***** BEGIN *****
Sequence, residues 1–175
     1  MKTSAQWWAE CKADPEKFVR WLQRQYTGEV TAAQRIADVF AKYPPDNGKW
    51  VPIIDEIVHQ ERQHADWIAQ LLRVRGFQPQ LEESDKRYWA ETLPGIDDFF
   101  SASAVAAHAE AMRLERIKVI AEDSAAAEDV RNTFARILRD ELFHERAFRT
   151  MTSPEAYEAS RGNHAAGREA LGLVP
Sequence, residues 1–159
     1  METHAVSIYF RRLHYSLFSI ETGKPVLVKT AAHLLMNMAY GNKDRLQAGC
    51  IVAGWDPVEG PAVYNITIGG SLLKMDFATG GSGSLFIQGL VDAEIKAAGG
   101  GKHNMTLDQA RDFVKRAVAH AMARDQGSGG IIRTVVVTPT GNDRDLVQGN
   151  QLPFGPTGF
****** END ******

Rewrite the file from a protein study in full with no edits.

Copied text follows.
Sequence, residues 1–175
     1  MKTSAQWWAE CKADPEKFVR WLQRQYTGEV TAAQRIADVF AKYPPDNGKW
    51  VPIIDEIVHQ ERQHADWIAQ LLRVRGFQPQ LEESDKRYWA ETLPGIDDFF
   101  SASAVAAHAE AMRLERIKVI AEDSAAAEDV RNTFARILRD ELFHERAFRT
   151  MTSPEAYEAS RGNHAAGREA LGLVP
Sequence, residues 1–159
     1  METHAVSIYF RRLHYSLFSI ETGKPVLVKT AAHLLMNMAY GNKDRLQAGC
    51  IVAGWDPVEG PAVYNITIGG SLLKMDFATG GSGSLFIQGL VDAEIKAAGG
   101  GKHNMTLDQA RDFVKRAVAH AMARDQGSGG IIRTVVVTPT GNDRDLVQGN
   151  QLPFGPTGF